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Coalition for Fair Rents Speech

Address to Christchurch City Council meeting to reconsider social housing rent increases

28 April 2008


Firstly, on behalf of the many people who are so concerned about the rent increases, our warmest thanks for being prepared to reconsider the decision, and for granting the coalition speaking rights.

There is good reason to reconsider the rent increase.

This morning you've heard Peter Johnstone explain in detail the calculations on the affordability criteria and the impact that has on tenants. When calculated correctly, this shows that a large number of the increased rents will exceed the affordability criteria.

When you first considered this issue former councillor David Close highlighted a number of areas that needed closer scrutiny. These included:
maintenance expenditure over the past four years and the level of surpluses during this time;
the assumptions behind the Cost of Consumption / Financial Sustainability Model that produced the target total;
and what has led to the change in thinking since last year’s Social Housing Strategy that did not identify the need for major expenditure in 2015.

You have heard Rev Jim McKenna explain the realities of daily life for many of your tenants, and the struggles that they face. It has been suggested that most tenants will qualify for the Accommodation Supplement and they will “only” have to pay an extra $6 or $7 a week. Even for those who do qualify for the Accommodation Supplement, the large increases in their food, transport and power costs will make life very difficult for them without this additional cost. We do not know how many tenants will not qualify for the Accommodation Supplement, but the coalition has heard from a number of tenants who will not. In the audience today is Di - you will recognise her by the walking stick and neck brace. She is on ACC and you will have her paying $27 a week extra that she cannot afford. She is not the only one. Please think hard about your tenant’s lives and needs before you vote.

There is a real need for objective data on how many tenants won’t get the Accommodation Supplement and what other impacts the proposed increase will have on their wellbeing. Council has shown leadership in the area of health in this city by being a sponsor of Healthy Christchurch. If Council takes this commitment seriously then it needs to undertake a formal Health Impact Assessment as part of its decision-making. This would quantify how many tenants will not qualify for the Accommodation Supplement. It would make clear the health impacts that a rent increase of this magnitude would have on tenants.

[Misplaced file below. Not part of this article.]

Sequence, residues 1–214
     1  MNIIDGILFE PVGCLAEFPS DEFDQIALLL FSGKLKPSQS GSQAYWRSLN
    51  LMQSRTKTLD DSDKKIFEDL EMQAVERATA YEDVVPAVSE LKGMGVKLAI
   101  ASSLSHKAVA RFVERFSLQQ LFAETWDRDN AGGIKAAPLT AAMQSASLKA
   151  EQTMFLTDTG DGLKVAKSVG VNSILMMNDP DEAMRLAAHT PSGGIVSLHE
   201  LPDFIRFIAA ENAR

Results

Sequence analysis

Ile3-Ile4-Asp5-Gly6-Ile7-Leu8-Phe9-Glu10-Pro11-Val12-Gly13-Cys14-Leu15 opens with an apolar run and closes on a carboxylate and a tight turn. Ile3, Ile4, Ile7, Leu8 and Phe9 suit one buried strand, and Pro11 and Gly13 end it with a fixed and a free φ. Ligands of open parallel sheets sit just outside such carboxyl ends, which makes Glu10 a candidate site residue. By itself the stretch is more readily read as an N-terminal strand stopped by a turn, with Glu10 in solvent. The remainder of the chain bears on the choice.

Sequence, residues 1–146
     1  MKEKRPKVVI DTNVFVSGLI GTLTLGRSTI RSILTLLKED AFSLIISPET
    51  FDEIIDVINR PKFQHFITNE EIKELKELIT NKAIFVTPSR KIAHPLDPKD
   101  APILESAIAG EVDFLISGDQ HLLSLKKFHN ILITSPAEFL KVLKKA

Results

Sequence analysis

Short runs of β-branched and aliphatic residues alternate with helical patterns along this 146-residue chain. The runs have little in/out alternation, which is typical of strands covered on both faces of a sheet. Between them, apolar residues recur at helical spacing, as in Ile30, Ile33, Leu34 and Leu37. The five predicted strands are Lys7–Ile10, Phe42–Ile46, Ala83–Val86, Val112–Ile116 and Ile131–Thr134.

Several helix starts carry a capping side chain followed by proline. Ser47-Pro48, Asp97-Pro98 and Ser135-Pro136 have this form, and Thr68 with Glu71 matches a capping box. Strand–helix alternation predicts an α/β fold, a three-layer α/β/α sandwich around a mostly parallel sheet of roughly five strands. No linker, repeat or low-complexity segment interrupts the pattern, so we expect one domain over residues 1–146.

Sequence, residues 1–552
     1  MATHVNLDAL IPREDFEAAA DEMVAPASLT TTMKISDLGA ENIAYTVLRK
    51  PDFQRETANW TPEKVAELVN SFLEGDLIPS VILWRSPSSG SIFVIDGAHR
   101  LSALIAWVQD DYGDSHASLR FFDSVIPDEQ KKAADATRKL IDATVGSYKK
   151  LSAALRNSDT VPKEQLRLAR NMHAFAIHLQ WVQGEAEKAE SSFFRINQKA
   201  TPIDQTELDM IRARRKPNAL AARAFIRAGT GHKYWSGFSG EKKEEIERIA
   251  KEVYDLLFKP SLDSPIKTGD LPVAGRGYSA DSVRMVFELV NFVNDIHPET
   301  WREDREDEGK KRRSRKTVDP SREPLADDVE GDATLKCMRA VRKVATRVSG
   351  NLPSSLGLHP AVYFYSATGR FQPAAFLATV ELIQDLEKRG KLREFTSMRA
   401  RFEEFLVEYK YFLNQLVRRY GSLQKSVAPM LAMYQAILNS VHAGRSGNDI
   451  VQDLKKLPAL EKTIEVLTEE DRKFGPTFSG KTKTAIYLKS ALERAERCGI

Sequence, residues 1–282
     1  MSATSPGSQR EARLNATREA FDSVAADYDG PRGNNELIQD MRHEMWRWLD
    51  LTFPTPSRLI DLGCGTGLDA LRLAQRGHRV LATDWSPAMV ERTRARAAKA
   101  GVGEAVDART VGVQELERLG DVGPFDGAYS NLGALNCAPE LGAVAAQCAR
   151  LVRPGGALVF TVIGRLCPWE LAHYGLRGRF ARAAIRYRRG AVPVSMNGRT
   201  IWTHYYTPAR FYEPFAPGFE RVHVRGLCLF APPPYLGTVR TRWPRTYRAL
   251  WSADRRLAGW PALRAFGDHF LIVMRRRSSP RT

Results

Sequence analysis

Neither the coalition or any other body can provide you with all the extra information you need to be fully informed about this decision. We don’t have the resources. Today you can take the opportunity to give your staff the time to bring together this information. More work is needed to clarify how you are going to define and assess affordability. More work is needed to scrutinise more closely the maintenance expenditure and the models used in previous work. More work is needed to assess the health impact on tenants. More work is needed to explore with the community innovative solutions to the problem that has been identified. There are many of us prepared to support that work.

We wish to acknowledge your courage in being prepared to revisit this issue. The city is taking a close interest in how you are dealing with it. It is not 'flip-flopping', as has been suggested, to reconsider something of this magnitude when further information and different perspectives are available. It is not leadership to grimly cling to a decision no matter what when there is good reason to reconsider. It would be irrational to refuse to reconsider because you don’t want to be seen to change your mind.

When it comes to a decision with the impact that this one does on the lives of people who are elderly, disabled or chronically ill it is not only irrational – it is unfair and unjust.

This is not a political issue. The people in the coalition cover a range of political persuasions and philosophies. The one thing we have in common is that we all share a concern for the tenants. It doesn't matter what previous councils did or didn't do. It doesn't matter which political bloc did what or wants what. The decision must be purely about finding the best answer to the issue. There is a need for a clear, consistent and rational theoretical framework and robust and complete data.to underpin any final decision on how to raise the sum required for renewals and refurbishments. Only by putting this in place can you ensure that your tenants, some of the most vulnerable of our citizens, are treated with compassion, justice and fairness.

Sharon Torstonson
Coalition for Fair Rents


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